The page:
The Vertex sequencer is a central-limit orderbook (CLOB) located off-chain as an independent node, which will eventually be decentralized via Vertex governance.
The orderbook is Vertex’s primary edge in the context of a performant trading engine. Liquidity is augmented as positions from pairwise LP markets populate the orderbook. An HFT-friendly API enables traders to plug into the orderbook, execute automated trading strategies, and trade against the combination of the orderbook and AMM’s liquidity at lightning-fast speeds.
The on-chain latency of distributed node consensus does not constrain performance. Instead, it’s competitive with CEX-grade trading engine speed – achieving average order-matching execution speeds between 10 - 30 milliseconds (ms).
In the case of maintenance, downtime, or other unforeseen circumstances, the AMM layer on-chain functions as the backstop of the protocol, enabling users to trade solely against the AMM without needing the orderbook.
This functions as an essential pathway for users, where transactions always settle on-chain no matter the state of the sequencer.
For example, if the sequencer goes down, instead of CEX-like order book performance and liquidity, you’d get a Uniswap-style experience but with cross-margined accounts for spot, perps, an integrated money market, and lower fees on Arbitrum.
Initially, the sequencer will operate as an independent node run by the Vertex team, with a TPS of 15K and latency time of 10 - 30 ms.
The Vertex sequencer maintains various properties that are important to define.
- Sequencer order book operates similarly to a centralized exchange: Traders can place orders with the sequencer’s order book on a scale similar to centralized exchanges, receiving order feedback with comparable latency to centralized exchanges based on accurate optimistic states – analogous to Arbitrum as an ETH L2.
- Limit on validator's ability to modify trades: Validators on the underlying chain (Arbitrum’s L2 for ETH) cannot reorder or front-run transactions. Traders on Vertex are safe from validator MEV on the underlying blockchain.
- The sequencer has no custody over user assets: Asset custody is controlled at the smart contract level on the underlying chain Arbitrum (Slo-Mo Mode). The sequencer cannot censor transactions either; users can force their transactions to be included on Arbitrum. Vertex’s default state is always the on-chain AMM – not the sequencer.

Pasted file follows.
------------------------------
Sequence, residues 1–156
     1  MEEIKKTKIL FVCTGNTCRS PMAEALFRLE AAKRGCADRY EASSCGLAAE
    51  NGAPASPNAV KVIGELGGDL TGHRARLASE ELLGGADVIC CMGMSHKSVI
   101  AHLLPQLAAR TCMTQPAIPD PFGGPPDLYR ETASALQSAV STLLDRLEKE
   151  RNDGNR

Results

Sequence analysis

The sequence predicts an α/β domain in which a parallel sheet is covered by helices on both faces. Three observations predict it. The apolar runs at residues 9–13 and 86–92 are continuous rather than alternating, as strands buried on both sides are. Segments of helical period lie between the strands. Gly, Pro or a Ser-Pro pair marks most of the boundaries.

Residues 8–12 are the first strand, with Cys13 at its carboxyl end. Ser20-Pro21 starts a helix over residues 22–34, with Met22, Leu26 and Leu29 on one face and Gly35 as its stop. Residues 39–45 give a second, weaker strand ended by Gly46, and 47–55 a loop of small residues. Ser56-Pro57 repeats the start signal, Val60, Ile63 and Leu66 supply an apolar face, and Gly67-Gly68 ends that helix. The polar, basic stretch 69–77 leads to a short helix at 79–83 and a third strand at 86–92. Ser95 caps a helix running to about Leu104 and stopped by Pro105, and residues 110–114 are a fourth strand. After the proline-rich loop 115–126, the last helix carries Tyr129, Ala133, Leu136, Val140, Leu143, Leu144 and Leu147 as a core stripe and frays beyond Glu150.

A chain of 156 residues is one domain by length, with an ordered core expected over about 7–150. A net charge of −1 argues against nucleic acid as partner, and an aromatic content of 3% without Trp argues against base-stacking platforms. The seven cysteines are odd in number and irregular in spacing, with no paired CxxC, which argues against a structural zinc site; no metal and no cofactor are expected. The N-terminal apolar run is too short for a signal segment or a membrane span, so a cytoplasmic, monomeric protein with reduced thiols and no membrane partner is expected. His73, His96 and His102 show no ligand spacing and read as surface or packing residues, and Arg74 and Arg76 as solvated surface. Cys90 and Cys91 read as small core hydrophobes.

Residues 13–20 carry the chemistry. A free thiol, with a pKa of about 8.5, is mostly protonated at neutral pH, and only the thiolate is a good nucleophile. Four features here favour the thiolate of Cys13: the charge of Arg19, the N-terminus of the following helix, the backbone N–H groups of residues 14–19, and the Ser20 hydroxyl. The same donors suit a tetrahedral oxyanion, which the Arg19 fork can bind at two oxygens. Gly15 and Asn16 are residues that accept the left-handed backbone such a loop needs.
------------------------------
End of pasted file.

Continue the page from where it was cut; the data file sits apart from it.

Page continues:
- The sequencer also has no ability to stop trading or withdrawals: Users can still trade (on the AMM) and withdraw by going directly to Arbitrum.
- Users do not need to trust the sequencer to report accurate optimistic states: Users can wait for confirmations directly on the underlying chain – Arbitrum.
- MEV Protection: Vertex's sequencer operates on millisecond timescales (<20ms for a response), rendering MEV extraction less valuable. A general trade-off exists between latency & MEV ability.
Arbitrum, as an L2 on Ethereum, also minimizes MEV since it periodically submits batches of transactions to Ethereum L1. As a result, in both contexts where Vertex is either functioning with an off-chain sequencer or in its default on-chain state, MEV is minimized, mitigating one of the key shortcomings of on-chain DEXs.
Risk checks for matching orders are conducted on the sequencer level instead of on the Arbitrum chain to minimize transaction costs for users.
Note that only the sequencer is able to match orders, and all other actions, such as withdrawing collateral, liquidating an account, or swapping against the AMM, require risk checks to happen on-chain.
Orders still require explicit signatures from both parties to be executed on-chain.
At the moment, this is a necessary trade-off for the initial stages of Vertex. In the future, as the Vertex sequencer becomes decentralized, this will no longer be necessary.
During Slo-Mo Mode, users can still swap assets, open and close perp positions, and interact with the rest of the Vertex protocol, just with increased latency and tighter liquidity analogous to trading on Uniswap with more slippage and wider spreads susceptible to larger market-moving orders.
- The sequencer orders transactions but cannot forge them and does not have custody of user assets. Users can automatically fall back to the decentralized smart contracts on Arbitrum. Funds are never at risk.
- Vertex’s performance is on par with centralized exchanges.